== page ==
The General Assembly has passed a requirement that the Tennessee Bureau of Investigation start including more demographic information in yearly state crime reports that the agency presents to lawmakers and law enforcement.
Sponsored by Senate Minority Leader Lee Harris, D-Memphis, the bill would mandate the TBI report percentage breakdowns of suspects, crime victims and convicted offenders “based on race, gender, age, nationality, and any other appropriate demographic.”
The TBI’s report is a compilation of data from state, county, and municipal law enforcement and correctional agencies, as well as courts.
Harris told upper-chamber lawmakers Wednesday that he wants to build on “a data-driven approach to law enforcement,” a process which has “resulted in large reductions in crime in big cities.” This includes Memphis, which Harris added has “credited a 31 percent decrease in the crime rate between 2006 and 2010” as a result of using data to inform policies.
During criminal justice reform hearings held by the Senate Judiciary Committee last summer, several criminal justice policy experts testified on the need for better crime data to help inform data-driven policies.
The House version passed Monday on a consent calendar, 94-0.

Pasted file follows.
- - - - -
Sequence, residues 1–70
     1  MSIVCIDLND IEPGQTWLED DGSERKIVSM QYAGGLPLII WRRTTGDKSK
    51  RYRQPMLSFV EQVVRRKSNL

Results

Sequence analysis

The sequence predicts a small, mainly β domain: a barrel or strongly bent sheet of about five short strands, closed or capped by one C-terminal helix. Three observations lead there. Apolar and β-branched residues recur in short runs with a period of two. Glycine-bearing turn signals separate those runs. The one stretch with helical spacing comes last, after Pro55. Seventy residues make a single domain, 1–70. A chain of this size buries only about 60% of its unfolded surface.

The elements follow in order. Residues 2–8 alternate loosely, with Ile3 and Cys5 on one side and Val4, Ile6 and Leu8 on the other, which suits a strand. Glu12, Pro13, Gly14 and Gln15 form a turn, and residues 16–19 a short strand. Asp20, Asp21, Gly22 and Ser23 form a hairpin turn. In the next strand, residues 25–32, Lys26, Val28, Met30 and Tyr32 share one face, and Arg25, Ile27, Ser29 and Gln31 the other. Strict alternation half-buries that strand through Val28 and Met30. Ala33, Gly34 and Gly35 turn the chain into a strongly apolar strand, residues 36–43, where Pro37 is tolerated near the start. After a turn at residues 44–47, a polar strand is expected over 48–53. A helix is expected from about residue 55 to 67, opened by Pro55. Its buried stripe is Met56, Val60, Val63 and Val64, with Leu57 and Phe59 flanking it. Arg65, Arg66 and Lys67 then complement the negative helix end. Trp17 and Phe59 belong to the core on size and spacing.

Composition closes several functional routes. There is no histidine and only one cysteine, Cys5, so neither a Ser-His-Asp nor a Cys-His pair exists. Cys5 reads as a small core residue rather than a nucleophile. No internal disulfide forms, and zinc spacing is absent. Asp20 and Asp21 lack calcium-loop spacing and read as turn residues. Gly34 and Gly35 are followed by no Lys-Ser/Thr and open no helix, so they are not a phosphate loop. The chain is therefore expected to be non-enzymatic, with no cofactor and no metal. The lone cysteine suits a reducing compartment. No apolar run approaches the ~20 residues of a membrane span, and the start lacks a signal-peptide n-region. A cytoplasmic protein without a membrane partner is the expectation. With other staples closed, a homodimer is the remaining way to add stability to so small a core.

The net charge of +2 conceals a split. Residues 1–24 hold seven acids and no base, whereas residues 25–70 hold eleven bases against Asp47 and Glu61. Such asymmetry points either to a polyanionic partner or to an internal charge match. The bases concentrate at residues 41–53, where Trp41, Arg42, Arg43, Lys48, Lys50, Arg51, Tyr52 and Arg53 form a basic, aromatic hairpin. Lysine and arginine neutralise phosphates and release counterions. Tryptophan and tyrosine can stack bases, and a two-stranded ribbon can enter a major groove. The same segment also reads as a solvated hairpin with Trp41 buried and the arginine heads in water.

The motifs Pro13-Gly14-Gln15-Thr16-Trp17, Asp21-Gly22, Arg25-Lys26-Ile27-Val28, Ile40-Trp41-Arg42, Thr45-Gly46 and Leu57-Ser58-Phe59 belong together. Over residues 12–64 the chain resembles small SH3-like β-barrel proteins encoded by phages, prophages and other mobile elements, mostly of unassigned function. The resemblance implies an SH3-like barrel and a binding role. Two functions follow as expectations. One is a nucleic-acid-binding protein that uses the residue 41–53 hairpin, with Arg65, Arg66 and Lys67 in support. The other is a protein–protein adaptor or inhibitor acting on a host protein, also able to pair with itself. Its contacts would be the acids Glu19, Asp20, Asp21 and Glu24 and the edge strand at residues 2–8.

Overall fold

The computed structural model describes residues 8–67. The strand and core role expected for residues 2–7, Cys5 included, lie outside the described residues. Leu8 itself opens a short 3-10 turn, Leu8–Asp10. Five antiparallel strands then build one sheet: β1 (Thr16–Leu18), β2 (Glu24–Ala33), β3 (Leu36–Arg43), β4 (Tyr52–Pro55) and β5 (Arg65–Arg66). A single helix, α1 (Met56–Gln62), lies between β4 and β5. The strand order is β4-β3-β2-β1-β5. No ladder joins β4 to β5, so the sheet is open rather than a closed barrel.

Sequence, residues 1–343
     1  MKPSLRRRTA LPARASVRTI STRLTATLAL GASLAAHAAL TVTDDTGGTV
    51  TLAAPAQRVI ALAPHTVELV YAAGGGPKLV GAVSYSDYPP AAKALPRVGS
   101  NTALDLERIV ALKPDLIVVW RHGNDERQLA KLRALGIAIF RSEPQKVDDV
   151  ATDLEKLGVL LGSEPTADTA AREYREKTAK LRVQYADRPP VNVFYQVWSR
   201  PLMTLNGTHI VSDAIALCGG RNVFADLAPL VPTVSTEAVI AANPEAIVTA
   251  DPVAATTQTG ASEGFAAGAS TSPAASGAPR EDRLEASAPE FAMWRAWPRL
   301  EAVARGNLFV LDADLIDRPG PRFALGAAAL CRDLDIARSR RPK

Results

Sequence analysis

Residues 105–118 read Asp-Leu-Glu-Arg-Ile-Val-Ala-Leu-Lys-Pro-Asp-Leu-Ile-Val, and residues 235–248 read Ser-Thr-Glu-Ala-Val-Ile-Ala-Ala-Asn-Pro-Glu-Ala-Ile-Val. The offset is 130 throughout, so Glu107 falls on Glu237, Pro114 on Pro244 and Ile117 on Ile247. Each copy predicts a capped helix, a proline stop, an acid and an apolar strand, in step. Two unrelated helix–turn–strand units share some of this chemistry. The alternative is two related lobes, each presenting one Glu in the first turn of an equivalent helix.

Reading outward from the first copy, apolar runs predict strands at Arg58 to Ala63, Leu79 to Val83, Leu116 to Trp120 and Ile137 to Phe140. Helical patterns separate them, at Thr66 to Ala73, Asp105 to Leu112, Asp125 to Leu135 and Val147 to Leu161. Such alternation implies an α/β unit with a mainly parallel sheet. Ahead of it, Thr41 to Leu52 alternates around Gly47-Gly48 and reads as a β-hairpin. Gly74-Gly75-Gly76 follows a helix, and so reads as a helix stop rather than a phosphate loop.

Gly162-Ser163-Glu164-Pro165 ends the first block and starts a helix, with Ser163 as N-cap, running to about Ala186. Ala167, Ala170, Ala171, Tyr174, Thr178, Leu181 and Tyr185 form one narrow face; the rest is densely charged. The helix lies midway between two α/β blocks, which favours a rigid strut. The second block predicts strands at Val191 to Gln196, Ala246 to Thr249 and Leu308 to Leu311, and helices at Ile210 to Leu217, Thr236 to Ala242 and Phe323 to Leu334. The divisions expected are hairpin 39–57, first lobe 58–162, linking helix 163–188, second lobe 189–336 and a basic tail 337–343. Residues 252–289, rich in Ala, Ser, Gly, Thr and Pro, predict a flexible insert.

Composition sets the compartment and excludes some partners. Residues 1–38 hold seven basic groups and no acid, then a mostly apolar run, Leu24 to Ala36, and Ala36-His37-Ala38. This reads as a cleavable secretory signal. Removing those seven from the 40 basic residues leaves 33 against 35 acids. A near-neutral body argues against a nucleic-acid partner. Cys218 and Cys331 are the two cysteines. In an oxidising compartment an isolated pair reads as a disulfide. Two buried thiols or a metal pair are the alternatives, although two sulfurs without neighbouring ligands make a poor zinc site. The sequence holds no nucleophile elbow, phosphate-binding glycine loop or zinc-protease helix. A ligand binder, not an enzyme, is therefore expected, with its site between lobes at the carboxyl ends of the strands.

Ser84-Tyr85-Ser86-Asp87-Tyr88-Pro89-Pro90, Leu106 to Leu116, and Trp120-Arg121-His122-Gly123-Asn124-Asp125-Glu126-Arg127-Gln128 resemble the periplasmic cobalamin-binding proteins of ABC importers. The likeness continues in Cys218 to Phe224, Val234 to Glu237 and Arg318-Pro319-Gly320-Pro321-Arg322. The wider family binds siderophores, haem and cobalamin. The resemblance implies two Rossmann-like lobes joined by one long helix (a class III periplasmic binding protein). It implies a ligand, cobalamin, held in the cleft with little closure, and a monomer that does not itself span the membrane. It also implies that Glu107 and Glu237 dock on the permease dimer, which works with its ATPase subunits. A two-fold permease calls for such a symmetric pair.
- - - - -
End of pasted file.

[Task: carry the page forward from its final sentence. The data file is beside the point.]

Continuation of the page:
But the legislation did hit some resistance in the upper chamber Wednesday, where some of Tennessee’s senators fretted about issues that might arise from collecting crime data specifying racial and ethnic demographics, including the fear this would contribute to racial profiling.
Harris explained that while he is generally “loathe” to base policy “on race,” his bill is based on “a variety of demographic categories that may be helpful to law enforcement.”
Lawmakers also voiced concern the additional reporting requirements would cost law enforcement time and money in cases when the data isn’t already being produced.
Harris said the TBI already collects the information and was neutral on the legislation. He added there was no fiscal note indicating that any additional state or local budget resources would be necessary for implementation.
The Senate ultimately approved the measure 23-4. Six lawmakers refused to vote one way or another. The Senate’s three freshman Democrats joined a majority of Republicans in voting to approve the measure.
Voting against the measure were Nashville Democrat Thelma Harper and Republicans Todd Gardenhire of Chattanooga, Randy McNally of Oak Ridge and Frank Niceley of Strawberry Plains.
Members who refused to participate in the vote were Republican Sens. Paul Bailey of Sparta, Mike Bell of Riceville, Rusty Crowe of Johnson City, Joey Hensley of Hohenwald and Jim Tracy of Shelbyville, as well as Memphis Democrat Reginald Tate.
The measure is headed next to Gov. Bill Haslam’s desk for his signature.
Last year, Haslam announced a Sentencing and Recidivism Task Force, to study Tennessee’s criminal justice system with the intent of addressing the Volunteer State’s prison overpopulation problems.
Alex Harris can be contacted at Alex@TNReport.com.